Mixed-Media Art That Tells a Good Story

One of the things I love about art is that it reveals emotions we may not realize are so close to the surface. As we take the first steps to create something new, those emotions and ideas may shift, and begin to tell a story. That’s where the sweet spot is. When you can look at a piece of art and be taken beyond what you can see, magic happens.

That extra layer–the story a piece of art evokes–is the theme of Incite 3, The Best of Mixed-Media: The Art of Storytelling (part of the Incite: The Best of Mixed-Media 3-Year Collection). The artists featured in this book have infused their work with meaning, and by studying these pieces you can learn how to do the same. “We all love a good story,” says editor Tonia Jenny, “and as artists, whether we realize it or not, we are all storytellers!”

Protected (polymer clay, acrylic paint, nails, and steel wire, 7x4x3) by Penne Mobley

“All of my artworks tell a story,” says artist Penne Mobley. “It begins with their patina, which gives you the feeling that they have been here a long time and that they have passed through many hands. The story of each piece is only revealed to me when the piece is done. My hands work as if they have been told what to do next by some inner voice. After Protected (above) was finished, I looked at it and thought, How well protected this creature looks. He has a protective shell, nails in his head to keep others at a distance, a bird on his back looking out for anything approaching from the rear and wheels to move quickly if needed. He represents to me the need we all have at times to protect ourselves from harm.”

I’ll Be Home Late Tonight (pastel, acrylic, and colored pencil on illustration board, 26×28) by Jan Lucking

“I firmly believe that dogs and other animals display wisdom and intuition above and beyond natural instincts,” says mixed-media artist Jan Lucking, whose work is featured above. “My sleeping dog has always intrigued me. What could he possibly be dreaming as he whimpers, while his legs twitch restlessly? This picture is my take on a dog’s dream.

“On a warm July night lit by fireflies, a hound runs down an endless woodland trail, along with a fox, a rabbit and a bird, all of whom would normally be his prey. They are united on a random nocturnal adventure that may take all night. In the deep dark background, the tops of large trees are silhouetted against a brightly starred sky, and time becomes meaningless as a watch sheds its hands. The bird, who should be asleep after dark, tows his lucky wishbone as he tags along. Do they ponder anything beyond the moment? Does the dog worry that he’s lost? I doubt it. They live in the present, more connected than you or I. The dark light bulb and broken key represent severed connections to the real world.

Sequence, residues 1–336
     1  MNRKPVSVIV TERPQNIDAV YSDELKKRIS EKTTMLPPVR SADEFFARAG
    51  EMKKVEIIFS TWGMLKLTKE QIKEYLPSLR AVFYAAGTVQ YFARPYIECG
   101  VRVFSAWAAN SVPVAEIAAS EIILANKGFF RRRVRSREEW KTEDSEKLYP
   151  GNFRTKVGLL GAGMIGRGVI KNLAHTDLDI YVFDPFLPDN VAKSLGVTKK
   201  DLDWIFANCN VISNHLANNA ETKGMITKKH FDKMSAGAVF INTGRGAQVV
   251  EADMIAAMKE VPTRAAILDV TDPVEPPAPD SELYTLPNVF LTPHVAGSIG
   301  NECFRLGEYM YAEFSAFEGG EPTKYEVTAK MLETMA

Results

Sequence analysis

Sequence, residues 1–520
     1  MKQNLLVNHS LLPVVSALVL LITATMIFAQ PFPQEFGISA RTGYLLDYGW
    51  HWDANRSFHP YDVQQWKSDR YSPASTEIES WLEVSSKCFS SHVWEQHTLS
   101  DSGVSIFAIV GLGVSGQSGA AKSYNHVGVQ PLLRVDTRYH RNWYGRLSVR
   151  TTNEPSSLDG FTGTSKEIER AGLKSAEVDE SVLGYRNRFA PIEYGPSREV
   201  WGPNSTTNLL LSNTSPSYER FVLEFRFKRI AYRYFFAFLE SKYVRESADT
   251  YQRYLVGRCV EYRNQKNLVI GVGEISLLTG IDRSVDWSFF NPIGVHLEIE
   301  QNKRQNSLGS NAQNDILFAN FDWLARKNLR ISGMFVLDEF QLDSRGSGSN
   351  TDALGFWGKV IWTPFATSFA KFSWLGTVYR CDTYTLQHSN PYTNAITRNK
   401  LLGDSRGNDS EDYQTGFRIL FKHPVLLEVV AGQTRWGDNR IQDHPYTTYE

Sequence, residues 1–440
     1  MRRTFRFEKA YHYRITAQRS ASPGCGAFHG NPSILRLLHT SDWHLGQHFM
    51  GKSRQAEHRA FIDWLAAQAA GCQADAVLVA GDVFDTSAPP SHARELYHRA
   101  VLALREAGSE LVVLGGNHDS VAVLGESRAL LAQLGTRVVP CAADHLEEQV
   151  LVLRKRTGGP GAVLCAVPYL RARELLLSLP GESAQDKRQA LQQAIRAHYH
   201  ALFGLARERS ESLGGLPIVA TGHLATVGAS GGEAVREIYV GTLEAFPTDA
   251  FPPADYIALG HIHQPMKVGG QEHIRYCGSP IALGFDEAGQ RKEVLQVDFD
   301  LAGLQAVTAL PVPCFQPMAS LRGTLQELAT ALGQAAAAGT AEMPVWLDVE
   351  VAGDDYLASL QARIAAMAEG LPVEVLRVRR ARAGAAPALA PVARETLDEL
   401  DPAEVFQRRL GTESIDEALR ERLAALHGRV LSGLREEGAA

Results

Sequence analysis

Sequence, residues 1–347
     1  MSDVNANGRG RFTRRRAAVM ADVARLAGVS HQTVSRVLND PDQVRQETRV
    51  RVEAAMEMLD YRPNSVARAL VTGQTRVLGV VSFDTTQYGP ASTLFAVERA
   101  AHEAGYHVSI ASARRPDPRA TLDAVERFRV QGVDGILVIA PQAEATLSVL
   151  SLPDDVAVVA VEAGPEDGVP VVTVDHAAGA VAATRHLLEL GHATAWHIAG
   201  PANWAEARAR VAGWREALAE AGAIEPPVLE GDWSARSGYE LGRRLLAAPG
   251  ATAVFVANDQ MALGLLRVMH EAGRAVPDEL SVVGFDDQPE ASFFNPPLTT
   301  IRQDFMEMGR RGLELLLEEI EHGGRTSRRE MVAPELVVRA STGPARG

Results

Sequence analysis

“My rendering of this abstract moment uses realistic depictions of the animals. I accomplish my technique in layers, starting with colored pencils, followed by pastels and finally acrylics. Layering and combining these materials results in enhanced brightness and depth of colors, with a variety of textures and sharp contrasts.”

It takes courage to create a piece of art, and even more so to share it with others. I can relate to the attractive idea of being protected, which is why I appreciate Penne’s mixed-media art, and the story behind it.

Tonia adds, “While much of the art you’ll see speaks for itself, I encourage you to take the time to read the artists’ stories that accompany the art. You have countless stories within you, and it’s my hope Incite 3 will inspire you to tell more of them through your art, regardless of the type of stories they are.”

Jumpstart your story-telling adventure with the Incite: The Best of Mixed-Media 3-Year Collection, which includes all three editions from the Incite series–that’s hundreds of artworks to browse for inspiration, guidance, and encouragement.

Think about one of your pieces of art that tells a story, and share it in the comments section below. I’d love to hear it.

Celebrate your story,


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